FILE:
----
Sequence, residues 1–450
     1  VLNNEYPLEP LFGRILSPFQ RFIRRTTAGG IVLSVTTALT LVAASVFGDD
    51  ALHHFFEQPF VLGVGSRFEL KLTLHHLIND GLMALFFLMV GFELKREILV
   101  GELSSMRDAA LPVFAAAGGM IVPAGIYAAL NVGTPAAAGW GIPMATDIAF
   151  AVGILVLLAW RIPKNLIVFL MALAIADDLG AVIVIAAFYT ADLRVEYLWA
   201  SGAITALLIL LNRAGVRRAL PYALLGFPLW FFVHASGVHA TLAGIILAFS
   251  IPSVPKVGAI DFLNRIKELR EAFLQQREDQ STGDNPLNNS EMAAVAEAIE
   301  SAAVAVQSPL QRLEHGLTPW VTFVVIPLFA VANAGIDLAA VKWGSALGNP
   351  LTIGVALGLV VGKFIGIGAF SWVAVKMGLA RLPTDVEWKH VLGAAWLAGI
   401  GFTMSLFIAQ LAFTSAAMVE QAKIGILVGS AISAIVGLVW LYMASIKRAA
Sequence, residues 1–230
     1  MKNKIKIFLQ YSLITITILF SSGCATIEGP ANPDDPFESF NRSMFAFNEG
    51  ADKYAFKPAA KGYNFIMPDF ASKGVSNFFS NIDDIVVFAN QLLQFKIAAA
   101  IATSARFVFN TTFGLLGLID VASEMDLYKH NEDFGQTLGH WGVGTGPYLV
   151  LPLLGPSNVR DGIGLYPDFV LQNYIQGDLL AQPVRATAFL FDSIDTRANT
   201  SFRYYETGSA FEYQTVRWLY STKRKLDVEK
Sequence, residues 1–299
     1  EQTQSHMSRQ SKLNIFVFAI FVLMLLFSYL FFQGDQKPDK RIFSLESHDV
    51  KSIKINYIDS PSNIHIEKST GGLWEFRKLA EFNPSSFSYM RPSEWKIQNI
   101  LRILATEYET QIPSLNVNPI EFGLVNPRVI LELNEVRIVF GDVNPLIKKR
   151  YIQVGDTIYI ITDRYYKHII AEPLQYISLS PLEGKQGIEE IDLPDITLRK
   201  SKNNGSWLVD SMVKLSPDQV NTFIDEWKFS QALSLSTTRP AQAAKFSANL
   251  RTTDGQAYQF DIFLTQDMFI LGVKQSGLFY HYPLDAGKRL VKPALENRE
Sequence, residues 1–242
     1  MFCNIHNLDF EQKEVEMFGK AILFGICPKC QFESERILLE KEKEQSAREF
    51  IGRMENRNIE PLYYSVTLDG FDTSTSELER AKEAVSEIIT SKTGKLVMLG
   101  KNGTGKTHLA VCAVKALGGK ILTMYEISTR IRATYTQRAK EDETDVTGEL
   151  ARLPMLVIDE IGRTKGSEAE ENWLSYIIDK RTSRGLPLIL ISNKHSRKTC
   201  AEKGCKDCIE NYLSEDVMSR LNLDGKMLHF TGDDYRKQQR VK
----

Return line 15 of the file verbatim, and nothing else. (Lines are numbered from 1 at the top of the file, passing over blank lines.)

   151  LPLLGPSNVR DGIGLYPDFV LQNYIQGDLL AQPVRATAFL FDSIDTRANT